By Mikael, Political Reporter for The Arendelle Guardian
ARENDELLE – The Great Assembly, Arendelle’s parliament, is located at the foothills of the kingdom, in a square that can be reached via footpaths from the ministers’ quarters and several avenues of stately homes and holiday cottages. Composed of the House of Ministers and the House of Jarls, the Great Assembly was the site of combative and fractious arguments today as members of both the lower and upper houses traded increasingly angry exchanges about Her Majesty’s proposed military reforms.
The monarchy is pushing for:
- An increase of manpower in the standing army to 1,000 trained fulltime soldiers (a significant increase for a small kingdom),
- The incorporation of Commander Hilde Von Altheim’s elite “death squad” into the Arendellian army, and:
- Recommissioning the Mundilfari ironclad warship Muspelheim, which Countess Vi once used to attack Arenfjord, and expand the navy’s budget to purchase a new fleet of ships on par with Pride of Elsa.
All three were points of contention as financial, political, diplomatic, and ethical arguments began the moment parliament’s session opened in the morning until well after dusk.
Queen Anna’s ministers were split on whether a standing army of 1,000 would set “a precedent for future monarchical and national pride.” There was also considerable apprehension about setting aside over five hundred thousand Arendellian kroner for bringing back Muspelheim into action. Several ministers were given to reminding others that Muspelheim was given to the monarchy only because the Countess relinquished it after her first defeat at sea. Indeed, operating such a mighty warship alone surpassed half of the current military budget.
Jarl Grieveson told The Arendelle Guardian: “We must be careful that we don’t end up with a self-fulfilling prophecy where we actively seek enemies, expand our military footprint, and in doing so attract more suspicion and animosity overseas. We’re courting the attention of the Ottoman Empire, the Austrians, and the Prussians, not to mention our obligations to our allies in the Entente of Small Kingdoms. We must be careful that we don’t stretch ourselves too thin and fall into the same trap that many states with imperial designs have fallen into.”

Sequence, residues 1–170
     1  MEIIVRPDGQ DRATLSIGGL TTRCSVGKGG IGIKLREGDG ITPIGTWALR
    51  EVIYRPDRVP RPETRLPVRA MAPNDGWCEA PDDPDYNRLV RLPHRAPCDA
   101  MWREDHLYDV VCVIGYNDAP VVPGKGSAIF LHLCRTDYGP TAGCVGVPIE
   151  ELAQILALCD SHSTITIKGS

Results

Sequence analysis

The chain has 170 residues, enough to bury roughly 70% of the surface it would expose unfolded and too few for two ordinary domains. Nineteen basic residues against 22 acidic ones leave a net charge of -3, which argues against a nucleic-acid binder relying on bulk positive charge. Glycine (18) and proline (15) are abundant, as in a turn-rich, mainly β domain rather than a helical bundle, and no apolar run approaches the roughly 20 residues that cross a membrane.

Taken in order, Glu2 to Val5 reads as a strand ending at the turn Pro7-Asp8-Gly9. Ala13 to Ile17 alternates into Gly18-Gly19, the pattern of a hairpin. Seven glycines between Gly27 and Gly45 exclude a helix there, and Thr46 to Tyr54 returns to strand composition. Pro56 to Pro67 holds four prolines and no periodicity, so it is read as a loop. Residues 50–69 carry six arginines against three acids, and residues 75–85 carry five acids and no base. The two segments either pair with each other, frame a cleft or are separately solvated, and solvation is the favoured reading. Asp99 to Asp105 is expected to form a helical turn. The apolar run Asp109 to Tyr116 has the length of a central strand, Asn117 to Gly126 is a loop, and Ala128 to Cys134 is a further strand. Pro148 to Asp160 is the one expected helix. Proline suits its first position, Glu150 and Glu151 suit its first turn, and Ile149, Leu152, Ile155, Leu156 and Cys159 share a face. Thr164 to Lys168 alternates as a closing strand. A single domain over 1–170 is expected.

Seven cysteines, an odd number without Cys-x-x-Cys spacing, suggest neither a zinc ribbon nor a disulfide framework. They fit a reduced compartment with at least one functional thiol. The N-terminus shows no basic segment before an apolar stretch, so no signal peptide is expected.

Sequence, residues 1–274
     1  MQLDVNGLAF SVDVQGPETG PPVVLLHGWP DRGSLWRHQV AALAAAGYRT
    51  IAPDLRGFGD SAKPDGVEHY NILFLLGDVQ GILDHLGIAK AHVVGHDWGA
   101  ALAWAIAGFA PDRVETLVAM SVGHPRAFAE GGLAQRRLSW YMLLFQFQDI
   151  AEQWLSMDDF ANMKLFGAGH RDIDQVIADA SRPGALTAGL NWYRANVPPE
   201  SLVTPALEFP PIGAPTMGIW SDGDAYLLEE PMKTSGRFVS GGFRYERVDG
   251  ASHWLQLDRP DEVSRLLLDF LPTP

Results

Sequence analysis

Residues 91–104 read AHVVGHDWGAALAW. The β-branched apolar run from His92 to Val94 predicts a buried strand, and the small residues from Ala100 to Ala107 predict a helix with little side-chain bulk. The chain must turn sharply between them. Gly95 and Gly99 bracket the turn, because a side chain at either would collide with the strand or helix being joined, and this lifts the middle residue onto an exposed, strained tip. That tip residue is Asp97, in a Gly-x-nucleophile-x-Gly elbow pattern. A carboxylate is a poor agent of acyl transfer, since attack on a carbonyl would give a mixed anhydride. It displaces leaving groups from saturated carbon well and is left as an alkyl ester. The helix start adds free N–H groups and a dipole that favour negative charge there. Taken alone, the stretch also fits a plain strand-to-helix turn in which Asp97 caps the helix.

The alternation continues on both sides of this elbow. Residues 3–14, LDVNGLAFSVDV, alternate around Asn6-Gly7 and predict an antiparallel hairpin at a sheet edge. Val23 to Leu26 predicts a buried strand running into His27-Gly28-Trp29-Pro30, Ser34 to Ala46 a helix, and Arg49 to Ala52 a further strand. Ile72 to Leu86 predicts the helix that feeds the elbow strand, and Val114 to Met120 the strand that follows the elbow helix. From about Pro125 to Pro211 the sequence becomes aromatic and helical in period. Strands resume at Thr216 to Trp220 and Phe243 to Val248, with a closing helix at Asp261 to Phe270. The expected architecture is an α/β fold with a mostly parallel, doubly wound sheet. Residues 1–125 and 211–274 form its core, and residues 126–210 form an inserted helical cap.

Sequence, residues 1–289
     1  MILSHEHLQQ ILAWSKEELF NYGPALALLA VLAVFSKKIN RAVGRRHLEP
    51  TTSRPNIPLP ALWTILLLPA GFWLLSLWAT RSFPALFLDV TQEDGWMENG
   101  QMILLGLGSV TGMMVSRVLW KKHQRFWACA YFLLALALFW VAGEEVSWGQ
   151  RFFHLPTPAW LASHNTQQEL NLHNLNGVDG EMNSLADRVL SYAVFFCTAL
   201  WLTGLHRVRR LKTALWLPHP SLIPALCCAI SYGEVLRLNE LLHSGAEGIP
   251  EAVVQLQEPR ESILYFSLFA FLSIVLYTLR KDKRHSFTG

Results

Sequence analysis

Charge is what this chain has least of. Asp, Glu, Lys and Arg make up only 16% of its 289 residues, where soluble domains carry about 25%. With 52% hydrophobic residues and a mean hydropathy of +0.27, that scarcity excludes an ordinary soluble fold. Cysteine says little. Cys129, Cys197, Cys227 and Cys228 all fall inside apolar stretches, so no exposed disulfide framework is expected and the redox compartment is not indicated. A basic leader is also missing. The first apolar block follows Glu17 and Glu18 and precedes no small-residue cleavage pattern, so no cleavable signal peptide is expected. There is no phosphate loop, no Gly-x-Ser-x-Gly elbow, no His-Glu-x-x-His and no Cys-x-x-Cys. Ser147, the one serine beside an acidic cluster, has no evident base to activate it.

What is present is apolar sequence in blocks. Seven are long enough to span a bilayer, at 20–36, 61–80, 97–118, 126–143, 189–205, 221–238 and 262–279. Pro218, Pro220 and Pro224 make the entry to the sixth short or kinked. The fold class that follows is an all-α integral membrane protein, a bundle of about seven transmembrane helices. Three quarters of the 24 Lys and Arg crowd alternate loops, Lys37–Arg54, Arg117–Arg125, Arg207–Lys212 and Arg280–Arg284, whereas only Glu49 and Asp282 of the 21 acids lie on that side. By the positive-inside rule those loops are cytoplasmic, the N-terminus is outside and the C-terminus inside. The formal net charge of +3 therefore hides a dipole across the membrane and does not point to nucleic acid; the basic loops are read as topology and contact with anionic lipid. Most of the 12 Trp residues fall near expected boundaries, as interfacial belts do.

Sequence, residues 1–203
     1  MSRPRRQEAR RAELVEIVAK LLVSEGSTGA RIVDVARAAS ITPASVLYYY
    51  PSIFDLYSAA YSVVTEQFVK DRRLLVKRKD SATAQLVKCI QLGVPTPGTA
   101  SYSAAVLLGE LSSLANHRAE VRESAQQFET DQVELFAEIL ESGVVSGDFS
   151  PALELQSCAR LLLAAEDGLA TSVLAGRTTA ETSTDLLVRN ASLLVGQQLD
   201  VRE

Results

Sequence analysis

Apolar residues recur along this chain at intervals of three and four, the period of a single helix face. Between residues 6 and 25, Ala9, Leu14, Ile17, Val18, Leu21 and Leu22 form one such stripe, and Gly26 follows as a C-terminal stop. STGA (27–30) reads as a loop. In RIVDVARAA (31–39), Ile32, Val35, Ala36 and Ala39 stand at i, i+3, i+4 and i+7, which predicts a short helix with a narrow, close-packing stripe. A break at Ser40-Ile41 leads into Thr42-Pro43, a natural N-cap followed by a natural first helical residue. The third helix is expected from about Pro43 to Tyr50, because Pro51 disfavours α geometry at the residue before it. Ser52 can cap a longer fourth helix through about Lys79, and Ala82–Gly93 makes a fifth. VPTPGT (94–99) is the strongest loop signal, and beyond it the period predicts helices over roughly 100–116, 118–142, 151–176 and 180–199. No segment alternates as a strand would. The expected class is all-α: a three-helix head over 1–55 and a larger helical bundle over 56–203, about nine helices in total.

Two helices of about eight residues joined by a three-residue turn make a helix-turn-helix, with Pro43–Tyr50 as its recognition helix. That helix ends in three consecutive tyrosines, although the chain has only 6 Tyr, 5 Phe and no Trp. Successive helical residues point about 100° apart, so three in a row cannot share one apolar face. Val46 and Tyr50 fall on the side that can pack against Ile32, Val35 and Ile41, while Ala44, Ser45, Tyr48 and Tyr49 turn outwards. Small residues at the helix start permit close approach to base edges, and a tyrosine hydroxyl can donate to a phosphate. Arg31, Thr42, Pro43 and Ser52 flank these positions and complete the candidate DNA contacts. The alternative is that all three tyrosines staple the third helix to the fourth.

Minister Hal Bors, a fiscal conservative and a descendant of one of King Runeard’s loyal ministers, flaunted his isolationist credentials by disputing the fiscal wisdom of expanding the naval budget. “Recommissioning Muspelheim will eat a titanic chunk out of our coffers for the next two years. Even Pride of Elsa, Anna’s flagship, was a gift from the Countess. The truth is that our economy is healthy because we never needed a large military. Should this equation change, we’ll be bled dry quickly.”
Visibly frustrated, Anna raised her voice at several points during her chair of the day’s debate sessions, according to gallery reporters. She made the case that Muspelheim would bolster their chances against Russia’s Baltic Fleet tenfold, and that the standing army would still be a fraction of what other states in Europe had. Gallery reporters also said that she defended Hilde’s work with Mattias: “I know Commander Hilde is feared by all. Believe me, I know firsthand just how strong she is, and she’s like a bottomless well of power, from her weapons to her strategy to her monstrous transformation. But you haven’t seen the awesome strength of Katina Romanov’s generals, the Grand Dukes, like I have. You haven’t seen the damage they can do, the havoc they’ll unleash if we don’t muster all our resources to match them.”
Jarl Gerald, who supported all of Anna’s points, told the Fjord Times: “We can maintain our strong economy and reform the military. But Her Majesty needs to do two things. Kristoff, managing director of the Princely House, needs to mobilize the entire Commerce Chamber of our kingdom to develop a wartime trade plan that leverages our exports during a period of protracted conflict with another state. Secondly, we should actually build more trading links with tsarist Russia and reach out to merchant groups there, forming a lobby that could hopefully moderate or delay a war detrimental to trade interests.”
Debates are expected to continue into the coming weeks if there are no breakthroughs. At this point, the queen has been advised by her inner court like General Mattias and Elsa to build “coalitions of compromise” that can help Anna push through, optimistically, two thirds or three quarters of her original proposal. Anna will continue to build her case for a bold, unprecedented strengthening of the kingdom’s armed forces, while seeking to maintain the kingdom’s reputation as a trade-friendly, financially stable free port.